It's been quite a while since I've blogged about any kind of technical topic. But, I'm still chugging along editing my WiP and I've been noticing a somewhat consistent pattern of flaws in several scenes, so I thought while I'm addressing it in my novel I might as well discuss it here at The Lair. One of the problems I'm finding repeatedly in multiple places throughout my WiP is with viewpoint.
Recently I was agonizing over the big climax/finale scene, trying desperately to figure out why it just didn't seem big enough. It didn't feel immediate. It didn't feel there. For the life of me, I couldn't figure out why.
Then it dawned on me: like most writers I know, I see my stories as 'movies in my head'. I'm the director, producer, screenwriter, choreographer, and camera crew all in one (and I occasionally jump in yelling 'Cut! Okay, let's try that again from the top...'). For the most part, it's a good thing; it enables me to see the characters' surroundings, study their interaction with other characters, and keep a handle on fast-paced action scenes.
Unfortunately, I've discovered, that same ability can cause problems with choosing the viewpoint for certain scenes.
Take my problematic finale scene, for instance: the scene revolves around an extremely significant ceremony. The building it takes place in is similar in design to a massive cathedral, with huge arched windows along one side, through which somewhat draconic supernatural creatures arrive to officiate the ceremony. The human participants of the ceremony are positioned on a dais at the front. The rest of the building is packed to capacity with onlookers.
Needless to say, there's a lot to see and take in. In my head, I see the scene from a vantage point at the back of the audience; that perspective allows me to take in the enthusiastic crowd, the huge cathedral-like building, and the dais where the ceremony is taking place. One of my characters happened to be standing towards the back of the audience, so I originally wrote the scene in her POV.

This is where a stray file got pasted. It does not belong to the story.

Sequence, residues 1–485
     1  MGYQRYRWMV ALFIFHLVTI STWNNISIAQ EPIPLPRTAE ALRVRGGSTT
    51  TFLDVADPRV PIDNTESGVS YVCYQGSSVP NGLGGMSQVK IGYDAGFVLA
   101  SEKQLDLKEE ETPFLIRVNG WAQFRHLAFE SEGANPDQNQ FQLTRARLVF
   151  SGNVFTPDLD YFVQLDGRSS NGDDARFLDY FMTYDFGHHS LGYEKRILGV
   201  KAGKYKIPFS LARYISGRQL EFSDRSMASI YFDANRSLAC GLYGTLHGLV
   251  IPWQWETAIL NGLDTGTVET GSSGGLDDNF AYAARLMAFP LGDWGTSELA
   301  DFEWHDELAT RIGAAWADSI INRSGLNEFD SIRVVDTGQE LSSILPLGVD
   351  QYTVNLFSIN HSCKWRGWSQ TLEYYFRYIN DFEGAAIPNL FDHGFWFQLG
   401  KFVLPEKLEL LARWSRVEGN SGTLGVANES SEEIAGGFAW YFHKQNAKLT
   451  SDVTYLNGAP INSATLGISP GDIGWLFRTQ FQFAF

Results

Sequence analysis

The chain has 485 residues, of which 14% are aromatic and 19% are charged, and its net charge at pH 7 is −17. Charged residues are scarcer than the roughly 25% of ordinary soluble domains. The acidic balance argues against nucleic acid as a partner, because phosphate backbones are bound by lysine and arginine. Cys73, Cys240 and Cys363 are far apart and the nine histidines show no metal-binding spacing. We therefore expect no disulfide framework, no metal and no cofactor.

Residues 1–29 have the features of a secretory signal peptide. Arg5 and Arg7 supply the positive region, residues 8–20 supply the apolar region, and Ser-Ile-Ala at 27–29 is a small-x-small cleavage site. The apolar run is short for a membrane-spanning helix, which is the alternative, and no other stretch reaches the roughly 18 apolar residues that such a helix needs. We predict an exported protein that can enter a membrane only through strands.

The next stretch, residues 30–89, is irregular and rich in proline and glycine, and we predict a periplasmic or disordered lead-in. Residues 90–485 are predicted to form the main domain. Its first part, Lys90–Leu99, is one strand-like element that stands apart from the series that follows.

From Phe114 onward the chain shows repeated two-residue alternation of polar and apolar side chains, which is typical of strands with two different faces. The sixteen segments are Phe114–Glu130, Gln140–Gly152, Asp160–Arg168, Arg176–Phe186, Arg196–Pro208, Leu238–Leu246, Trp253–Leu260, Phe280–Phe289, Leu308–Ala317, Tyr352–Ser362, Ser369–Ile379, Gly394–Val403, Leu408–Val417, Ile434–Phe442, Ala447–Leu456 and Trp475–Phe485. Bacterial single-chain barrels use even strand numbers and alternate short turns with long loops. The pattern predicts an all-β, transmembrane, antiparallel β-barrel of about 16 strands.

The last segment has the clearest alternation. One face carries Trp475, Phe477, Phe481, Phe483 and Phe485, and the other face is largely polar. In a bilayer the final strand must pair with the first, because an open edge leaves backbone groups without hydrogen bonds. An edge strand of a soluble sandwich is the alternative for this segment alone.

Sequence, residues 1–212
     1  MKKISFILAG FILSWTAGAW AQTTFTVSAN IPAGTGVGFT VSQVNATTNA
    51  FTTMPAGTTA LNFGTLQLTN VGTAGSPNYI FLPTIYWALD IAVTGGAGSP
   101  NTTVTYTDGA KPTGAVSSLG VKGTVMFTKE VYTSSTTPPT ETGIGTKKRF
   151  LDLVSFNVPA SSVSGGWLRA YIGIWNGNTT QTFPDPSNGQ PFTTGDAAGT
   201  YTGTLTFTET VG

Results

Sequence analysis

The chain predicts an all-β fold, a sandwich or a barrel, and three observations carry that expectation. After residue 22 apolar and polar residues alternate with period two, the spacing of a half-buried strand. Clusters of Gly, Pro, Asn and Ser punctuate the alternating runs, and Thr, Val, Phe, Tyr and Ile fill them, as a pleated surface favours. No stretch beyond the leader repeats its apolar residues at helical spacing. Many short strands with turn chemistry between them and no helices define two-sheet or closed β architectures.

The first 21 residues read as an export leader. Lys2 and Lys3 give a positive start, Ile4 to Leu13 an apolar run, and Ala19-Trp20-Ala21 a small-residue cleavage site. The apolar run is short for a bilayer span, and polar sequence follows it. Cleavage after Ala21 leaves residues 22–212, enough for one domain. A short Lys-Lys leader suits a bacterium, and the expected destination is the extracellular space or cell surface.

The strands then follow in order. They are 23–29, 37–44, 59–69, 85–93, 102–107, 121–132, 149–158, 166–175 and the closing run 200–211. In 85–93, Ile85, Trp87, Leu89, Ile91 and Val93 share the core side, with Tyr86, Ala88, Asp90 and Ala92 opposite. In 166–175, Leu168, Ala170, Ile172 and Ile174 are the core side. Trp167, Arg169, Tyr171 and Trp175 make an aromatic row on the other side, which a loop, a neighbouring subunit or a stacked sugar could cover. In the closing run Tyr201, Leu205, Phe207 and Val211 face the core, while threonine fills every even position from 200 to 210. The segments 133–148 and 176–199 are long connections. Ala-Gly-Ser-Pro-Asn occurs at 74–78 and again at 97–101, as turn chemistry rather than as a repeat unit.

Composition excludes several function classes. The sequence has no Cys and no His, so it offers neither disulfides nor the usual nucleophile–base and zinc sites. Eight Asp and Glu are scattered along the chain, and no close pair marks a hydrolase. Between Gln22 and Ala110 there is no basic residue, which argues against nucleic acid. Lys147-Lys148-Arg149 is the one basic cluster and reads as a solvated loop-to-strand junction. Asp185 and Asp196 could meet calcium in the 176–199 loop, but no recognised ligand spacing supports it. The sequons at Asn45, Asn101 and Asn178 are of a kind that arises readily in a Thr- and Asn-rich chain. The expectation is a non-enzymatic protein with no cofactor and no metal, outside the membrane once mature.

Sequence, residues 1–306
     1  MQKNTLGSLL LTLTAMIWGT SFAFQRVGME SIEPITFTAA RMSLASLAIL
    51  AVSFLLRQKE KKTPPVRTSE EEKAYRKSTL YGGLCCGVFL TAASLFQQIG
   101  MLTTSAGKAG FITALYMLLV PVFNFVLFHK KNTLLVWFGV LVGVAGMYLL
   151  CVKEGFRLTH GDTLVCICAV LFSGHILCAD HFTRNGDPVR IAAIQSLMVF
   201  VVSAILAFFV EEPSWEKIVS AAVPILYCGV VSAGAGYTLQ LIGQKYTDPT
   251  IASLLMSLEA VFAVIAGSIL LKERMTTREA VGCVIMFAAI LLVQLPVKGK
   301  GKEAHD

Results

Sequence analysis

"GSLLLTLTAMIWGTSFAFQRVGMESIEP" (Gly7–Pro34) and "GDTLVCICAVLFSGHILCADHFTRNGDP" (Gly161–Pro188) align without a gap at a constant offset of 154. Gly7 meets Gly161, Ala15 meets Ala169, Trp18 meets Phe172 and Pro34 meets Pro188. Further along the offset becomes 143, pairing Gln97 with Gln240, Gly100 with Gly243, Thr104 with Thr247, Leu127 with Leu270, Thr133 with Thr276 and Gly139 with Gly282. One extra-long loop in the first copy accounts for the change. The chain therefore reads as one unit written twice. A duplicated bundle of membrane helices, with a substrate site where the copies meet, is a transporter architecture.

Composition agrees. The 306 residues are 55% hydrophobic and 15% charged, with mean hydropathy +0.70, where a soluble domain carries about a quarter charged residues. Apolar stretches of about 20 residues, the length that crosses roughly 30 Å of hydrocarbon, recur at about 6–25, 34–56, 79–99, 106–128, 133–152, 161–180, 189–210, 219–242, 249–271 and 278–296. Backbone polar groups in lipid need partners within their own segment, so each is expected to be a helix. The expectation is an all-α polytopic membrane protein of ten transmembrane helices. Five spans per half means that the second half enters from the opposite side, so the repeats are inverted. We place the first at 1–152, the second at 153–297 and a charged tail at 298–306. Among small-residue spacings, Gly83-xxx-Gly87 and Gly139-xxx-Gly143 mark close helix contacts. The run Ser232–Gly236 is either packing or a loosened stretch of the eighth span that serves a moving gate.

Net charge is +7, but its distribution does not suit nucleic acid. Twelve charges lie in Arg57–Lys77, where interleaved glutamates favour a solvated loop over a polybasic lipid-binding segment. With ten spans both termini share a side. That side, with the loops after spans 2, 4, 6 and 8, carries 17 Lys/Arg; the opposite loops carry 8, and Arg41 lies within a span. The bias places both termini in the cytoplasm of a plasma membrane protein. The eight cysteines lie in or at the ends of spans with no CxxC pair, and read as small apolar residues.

And therein was the problem. From her POV the reader got the widescreen view of the scene as a whole, but they missed the up-close-and-personal drama and intensity of what was actually happening on the dais as the ceremony progressed. My main character is on the platform making a commitment that will not only change his own life forever, but alter the history and destiny of an entire nation. But the readers didn't get to taste that for themselves because I showed them the scene from the wrong viewpoint.
So, lesson learned, I'm now re-writing the finale scene--from the right viewpoint this time. And would you believe it, it's working! The drama, the grandeur, the sheer weight of what is taking place in the scene, are coming through just fine.
Now that I understand this, hopefully I'll be able to avoid similar problems in the future. And I hope my mistakes can help all you other writers out there avoid the same pitfalls. Seeing our stories as 'movies in our heads' is a great blessing in a lot of ways; just be sure it doesn't carry over too far and cause you to write things that would work on screen but not on the page.